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SALT LAKE CITY -- Santa Claus is making his way to the United States, his reindeer are slightly delayed in all the snow. We know this because NORAD is tracking him, but only because of a mistake decades ago.
It was an accident that started it all. Back on Dec. 24, 1955, a little girl called Santa, but she dialed the wrong number. That wrong number has now become a NORAD tradition of tracking Santa.
When the infamous red phone rings - you answer it. That's because only the Pentagon should have that number.
It's a phone buried deep inside Cheyenne Mountain, home of NORAD -- the North American Aerospace Defense Command.
Ret. Col. Harry Shoup was the one to answer the call.
"This little voice started telling me what he wanted for Christmas," he said in an old interview.
Shoup thought it was a Christmas Eve prank.
"I looked around and I thought, someone's playing a joke," he said. "I don't stand for that stuff."
Being the colonel, he was ready to give it back to whomever was calling.
"When I see who's laughing here I'm gonna nail him good," said Shoup.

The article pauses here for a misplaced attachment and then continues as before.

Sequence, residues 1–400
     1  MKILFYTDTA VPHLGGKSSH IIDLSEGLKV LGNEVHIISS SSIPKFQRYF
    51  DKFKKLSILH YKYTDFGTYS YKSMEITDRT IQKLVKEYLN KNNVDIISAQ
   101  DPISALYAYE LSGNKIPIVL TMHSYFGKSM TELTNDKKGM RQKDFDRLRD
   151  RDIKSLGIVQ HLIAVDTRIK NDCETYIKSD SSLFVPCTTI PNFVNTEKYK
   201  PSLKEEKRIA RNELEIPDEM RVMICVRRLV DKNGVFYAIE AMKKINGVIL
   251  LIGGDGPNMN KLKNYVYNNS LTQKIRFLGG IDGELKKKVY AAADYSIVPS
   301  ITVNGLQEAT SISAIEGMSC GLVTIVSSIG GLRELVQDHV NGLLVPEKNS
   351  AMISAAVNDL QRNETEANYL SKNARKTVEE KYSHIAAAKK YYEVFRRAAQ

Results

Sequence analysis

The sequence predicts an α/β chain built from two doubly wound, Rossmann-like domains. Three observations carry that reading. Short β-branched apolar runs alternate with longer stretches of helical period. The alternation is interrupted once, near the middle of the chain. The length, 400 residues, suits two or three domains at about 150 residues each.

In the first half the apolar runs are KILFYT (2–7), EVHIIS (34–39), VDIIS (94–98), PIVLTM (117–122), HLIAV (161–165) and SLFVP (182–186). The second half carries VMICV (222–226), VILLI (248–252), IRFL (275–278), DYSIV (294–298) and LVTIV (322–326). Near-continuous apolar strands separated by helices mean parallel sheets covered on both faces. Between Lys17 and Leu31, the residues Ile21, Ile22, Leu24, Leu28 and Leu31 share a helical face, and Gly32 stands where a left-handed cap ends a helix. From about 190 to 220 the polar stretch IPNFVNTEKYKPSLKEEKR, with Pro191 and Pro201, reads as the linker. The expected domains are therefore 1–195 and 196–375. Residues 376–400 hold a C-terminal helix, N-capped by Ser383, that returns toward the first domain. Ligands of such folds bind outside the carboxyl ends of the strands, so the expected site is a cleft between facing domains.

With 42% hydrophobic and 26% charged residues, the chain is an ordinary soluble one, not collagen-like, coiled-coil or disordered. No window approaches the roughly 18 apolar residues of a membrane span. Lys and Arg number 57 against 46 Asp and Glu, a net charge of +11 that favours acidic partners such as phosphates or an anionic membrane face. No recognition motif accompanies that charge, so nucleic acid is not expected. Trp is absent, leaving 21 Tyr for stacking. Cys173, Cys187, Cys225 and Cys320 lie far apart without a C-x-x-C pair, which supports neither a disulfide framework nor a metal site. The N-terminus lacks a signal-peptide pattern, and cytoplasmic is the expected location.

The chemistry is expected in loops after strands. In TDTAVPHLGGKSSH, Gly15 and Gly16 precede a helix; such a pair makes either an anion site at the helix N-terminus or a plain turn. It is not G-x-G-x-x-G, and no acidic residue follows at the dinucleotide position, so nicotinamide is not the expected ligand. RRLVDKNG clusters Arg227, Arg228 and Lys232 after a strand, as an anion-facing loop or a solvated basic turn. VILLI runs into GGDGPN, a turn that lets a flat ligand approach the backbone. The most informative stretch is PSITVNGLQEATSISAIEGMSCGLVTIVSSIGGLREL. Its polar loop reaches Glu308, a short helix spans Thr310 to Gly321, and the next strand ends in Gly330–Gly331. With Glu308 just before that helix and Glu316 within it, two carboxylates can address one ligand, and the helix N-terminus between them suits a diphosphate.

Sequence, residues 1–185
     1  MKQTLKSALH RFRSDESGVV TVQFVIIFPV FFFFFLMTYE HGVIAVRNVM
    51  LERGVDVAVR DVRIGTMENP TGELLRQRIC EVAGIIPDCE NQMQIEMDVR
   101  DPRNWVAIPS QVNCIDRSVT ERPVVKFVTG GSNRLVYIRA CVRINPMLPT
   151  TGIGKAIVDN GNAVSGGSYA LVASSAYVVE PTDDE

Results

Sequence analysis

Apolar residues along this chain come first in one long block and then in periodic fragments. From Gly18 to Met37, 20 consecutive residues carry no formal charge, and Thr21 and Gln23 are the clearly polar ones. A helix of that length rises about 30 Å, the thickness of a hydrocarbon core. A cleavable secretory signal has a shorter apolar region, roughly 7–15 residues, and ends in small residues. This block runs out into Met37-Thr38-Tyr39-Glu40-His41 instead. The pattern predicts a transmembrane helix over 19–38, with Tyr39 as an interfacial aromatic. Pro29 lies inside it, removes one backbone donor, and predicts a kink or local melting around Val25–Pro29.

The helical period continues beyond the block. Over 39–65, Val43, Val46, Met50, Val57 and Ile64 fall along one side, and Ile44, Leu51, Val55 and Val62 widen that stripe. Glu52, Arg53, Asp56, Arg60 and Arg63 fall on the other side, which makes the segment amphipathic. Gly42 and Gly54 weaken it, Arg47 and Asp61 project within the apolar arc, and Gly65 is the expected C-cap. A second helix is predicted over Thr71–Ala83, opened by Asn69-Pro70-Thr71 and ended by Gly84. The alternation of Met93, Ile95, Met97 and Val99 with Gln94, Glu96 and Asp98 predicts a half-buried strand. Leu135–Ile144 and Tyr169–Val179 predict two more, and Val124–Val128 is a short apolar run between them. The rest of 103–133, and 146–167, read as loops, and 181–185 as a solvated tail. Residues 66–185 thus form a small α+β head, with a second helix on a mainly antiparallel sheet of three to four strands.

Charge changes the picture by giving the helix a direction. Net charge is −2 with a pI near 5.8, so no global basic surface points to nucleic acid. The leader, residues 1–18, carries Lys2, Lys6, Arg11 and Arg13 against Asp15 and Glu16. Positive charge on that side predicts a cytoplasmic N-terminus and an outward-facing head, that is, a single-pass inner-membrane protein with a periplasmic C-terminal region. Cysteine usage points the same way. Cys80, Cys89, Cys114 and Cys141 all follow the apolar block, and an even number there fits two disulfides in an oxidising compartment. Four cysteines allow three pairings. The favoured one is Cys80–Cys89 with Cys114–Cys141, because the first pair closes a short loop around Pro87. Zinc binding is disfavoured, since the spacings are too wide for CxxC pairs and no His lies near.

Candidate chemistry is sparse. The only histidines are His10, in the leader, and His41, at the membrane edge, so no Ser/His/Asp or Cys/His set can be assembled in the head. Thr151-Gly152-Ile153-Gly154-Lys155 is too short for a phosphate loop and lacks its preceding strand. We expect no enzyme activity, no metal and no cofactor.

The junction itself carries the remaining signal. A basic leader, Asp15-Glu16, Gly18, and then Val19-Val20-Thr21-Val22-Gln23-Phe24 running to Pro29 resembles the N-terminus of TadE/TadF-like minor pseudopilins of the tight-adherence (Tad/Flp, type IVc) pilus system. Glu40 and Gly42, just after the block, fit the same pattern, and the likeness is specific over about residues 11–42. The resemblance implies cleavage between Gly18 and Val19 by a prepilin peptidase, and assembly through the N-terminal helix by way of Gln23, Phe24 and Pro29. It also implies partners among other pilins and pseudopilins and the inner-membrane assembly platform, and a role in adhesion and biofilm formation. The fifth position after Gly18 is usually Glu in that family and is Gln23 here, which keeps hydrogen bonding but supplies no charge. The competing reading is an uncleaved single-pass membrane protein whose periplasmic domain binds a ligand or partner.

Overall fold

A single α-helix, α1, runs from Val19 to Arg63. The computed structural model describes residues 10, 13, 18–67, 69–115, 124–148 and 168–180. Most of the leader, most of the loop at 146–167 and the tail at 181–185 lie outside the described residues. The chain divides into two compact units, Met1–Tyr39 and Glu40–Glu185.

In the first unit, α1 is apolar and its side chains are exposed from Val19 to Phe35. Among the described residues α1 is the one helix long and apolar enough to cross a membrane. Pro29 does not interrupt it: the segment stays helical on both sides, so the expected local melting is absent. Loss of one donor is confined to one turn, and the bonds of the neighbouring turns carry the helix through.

But what happened that night so long ago changed NORAD forever. A Sears department store placed an ad in a Colorado Springs newspaper giving kids the number to call Santa.
"Then it said, kiddies be sure and dial the correct number," Shoup said. "Isn't that significant?"
But it wasn't the number to Sears - it was the right number to the red phone.
Shoup decided to play along - kicking off what is now a beloved tradition. He died in 2009, but his legacy lives on.
Today, NORAD relies on volunteers to track Santa, taking roughly 40 phone calls an hour from kids in 200 countries. They also answer about 12,000 emails.
If you'd like your kids to track Santa, or if you want to check out where he is for yourself, CLICK HERE.